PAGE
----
7. Pair programming is a popular strategy in computer science education to teach programming to novices. In this study, we examined the effect of three different pair programming conditions on up- per elementary school students’ CS conceptual understanding. The three conditions were one-computer with roles (1C with roles), two computers without roles (2C no roles), and two computers with roles (2C with roles). These students were engaged in four days of computer programming activities and took the CS concept assessment, CS attitudes, and collaboration perceptions before and after the activities. We used the validated E-CSCA (Elementary Computer Science Concepts Assessment) to measure elementary students’ understanding of CS concepts. We tested the relation- ship of different pair programming conditions on the students’ CS conceptual understanding and found that different conditions impacted students’ CS conceptual understanding, wherein students in 2C roles demonstrated better CS learning than the other two conditions. The results also showed no changes in students’ CS attitudes and perceptions of collaboration before and after the activities. Furthermore, the results indicated no significant impact of these attitudinal factors on students’ learning CS concepts in pair programming settings. Our study highlights the importance of the roles and number of computers in pairmore »programming settings, especially for elementary students.« less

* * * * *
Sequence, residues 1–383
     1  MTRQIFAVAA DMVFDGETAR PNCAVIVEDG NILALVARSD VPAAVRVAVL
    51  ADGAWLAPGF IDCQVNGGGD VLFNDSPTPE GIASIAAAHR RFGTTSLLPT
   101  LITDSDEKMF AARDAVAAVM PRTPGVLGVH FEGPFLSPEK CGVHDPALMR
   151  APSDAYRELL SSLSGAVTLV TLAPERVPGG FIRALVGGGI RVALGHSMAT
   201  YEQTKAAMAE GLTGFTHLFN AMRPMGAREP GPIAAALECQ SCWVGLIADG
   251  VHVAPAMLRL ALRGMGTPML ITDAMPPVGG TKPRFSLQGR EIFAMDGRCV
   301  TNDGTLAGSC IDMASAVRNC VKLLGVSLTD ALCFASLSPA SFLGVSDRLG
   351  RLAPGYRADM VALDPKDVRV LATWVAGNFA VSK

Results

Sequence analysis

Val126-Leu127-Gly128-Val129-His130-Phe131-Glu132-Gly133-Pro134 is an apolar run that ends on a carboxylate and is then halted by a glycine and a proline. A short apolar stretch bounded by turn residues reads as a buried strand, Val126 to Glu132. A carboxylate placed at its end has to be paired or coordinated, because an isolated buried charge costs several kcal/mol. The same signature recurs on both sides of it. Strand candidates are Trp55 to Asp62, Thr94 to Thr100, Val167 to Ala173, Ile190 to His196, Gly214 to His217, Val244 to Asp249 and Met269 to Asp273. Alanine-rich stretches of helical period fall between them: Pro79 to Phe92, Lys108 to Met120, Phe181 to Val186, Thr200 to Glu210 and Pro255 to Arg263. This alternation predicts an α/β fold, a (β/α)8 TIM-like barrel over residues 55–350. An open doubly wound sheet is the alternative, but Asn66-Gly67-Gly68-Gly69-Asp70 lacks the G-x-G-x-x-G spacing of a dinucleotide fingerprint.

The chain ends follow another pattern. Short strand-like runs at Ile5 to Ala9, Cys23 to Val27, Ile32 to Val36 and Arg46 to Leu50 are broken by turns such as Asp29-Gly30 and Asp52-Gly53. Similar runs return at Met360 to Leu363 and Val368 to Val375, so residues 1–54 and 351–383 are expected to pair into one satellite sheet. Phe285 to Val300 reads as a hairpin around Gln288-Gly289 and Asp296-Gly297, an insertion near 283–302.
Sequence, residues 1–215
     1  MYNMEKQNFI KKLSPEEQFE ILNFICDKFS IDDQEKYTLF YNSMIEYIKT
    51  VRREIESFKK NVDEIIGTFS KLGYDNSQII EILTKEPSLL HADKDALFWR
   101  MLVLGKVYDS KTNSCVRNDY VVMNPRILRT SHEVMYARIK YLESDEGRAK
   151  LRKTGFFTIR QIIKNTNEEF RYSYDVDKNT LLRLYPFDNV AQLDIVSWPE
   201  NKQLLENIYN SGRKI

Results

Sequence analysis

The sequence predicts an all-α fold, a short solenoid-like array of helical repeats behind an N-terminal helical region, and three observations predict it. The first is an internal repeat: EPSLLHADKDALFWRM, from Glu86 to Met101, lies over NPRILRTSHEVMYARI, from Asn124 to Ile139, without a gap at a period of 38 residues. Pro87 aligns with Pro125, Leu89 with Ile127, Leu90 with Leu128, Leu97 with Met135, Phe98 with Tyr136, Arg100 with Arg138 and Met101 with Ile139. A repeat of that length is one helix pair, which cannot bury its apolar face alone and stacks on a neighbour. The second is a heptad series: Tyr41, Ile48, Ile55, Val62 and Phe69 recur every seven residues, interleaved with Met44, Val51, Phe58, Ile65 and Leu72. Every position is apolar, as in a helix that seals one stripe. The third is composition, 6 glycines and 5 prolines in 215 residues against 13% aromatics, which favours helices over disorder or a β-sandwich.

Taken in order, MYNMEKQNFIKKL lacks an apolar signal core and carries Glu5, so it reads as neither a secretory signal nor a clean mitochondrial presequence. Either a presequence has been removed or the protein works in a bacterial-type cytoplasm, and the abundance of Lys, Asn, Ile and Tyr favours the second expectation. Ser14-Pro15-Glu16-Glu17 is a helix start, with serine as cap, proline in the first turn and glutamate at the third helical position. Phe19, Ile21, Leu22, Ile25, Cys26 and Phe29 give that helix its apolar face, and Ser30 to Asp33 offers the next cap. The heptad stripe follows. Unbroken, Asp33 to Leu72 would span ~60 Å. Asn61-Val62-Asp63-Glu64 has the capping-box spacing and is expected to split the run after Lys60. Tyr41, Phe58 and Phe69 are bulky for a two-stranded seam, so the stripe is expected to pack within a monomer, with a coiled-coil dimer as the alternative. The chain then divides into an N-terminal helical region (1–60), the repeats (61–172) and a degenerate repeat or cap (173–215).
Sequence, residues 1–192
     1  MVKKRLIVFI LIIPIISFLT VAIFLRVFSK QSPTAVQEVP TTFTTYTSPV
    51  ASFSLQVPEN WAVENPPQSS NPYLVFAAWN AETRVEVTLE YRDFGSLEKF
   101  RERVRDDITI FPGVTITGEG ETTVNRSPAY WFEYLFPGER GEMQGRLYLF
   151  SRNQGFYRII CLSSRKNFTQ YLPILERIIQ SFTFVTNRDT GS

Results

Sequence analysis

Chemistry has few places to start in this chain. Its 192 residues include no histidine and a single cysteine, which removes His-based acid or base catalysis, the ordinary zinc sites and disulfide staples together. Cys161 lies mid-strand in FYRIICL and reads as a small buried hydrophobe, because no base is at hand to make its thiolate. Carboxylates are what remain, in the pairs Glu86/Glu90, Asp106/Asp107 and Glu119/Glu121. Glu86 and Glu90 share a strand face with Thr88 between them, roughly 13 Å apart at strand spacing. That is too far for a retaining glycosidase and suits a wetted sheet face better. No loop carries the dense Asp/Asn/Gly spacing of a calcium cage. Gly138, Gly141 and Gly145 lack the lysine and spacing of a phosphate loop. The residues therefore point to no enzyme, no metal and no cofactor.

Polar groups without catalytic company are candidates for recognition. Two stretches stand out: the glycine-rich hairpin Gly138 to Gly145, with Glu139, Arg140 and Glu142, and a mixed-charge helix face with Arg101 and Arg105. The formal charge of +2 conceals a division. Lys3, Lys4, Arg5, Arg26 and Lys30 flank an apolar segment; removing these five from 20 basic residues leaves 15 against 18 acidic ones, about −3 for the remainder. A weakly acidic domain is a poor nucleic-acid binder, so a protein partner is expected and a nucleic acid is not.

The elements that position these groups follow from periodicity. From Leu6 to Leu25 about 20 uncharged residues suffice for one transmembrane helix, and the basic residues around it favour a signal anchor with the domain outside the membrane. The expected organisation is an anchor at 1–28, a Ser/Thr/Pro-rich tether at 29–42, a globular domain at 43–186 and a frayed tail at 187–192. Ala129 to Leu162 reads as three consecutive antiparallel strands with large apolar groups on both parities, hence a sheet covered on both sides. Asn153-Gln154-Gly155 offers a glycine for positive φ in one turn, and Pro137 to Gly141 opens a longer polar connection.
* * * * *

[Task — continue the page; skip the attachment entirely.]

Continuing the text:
8. In successful collaborative paradigms such as pair programming, students engage in productive dialogue and work to resolve con- flicts as they arise. However, little is known about how elementary students engage in collaborative dialogue for computer science learning. Early findings indicate that these younger students may struggle to manage conflicts that arise during pair programming. To investigate collaborative dialogue that elementary learners use and the conflicts that they encounter, we analyzed videos of twelve pairs of fifth grade students completing pair programming activities. We developed a novel annotation scheme with a focus on collab- orative dialogue and conflicts. We found that student pairs used best-practice dialogue moves such as self-explanation, question generation, uptake, and praise in less than 23% of their dialogue. High-conflict pairs antagonized their partner, whereas this behav- ior was not observed with low-conflict pairs. We also observed more praise (e.g., “We did it!”) and uptake (e.g., “Yeah and. . . ”) in low-conflict pairs than high-conflict pairs. All pairs exhibited some conflicts about the task, but high-conflict pairs also engaged in conflicts about control of the computer and their partner’s con- tributions. The results presented here provide insights into the collaborative process of young learners in CSmore »problem solving, and also hold implications for educators as we move toward building learning environments that support students in this context.« less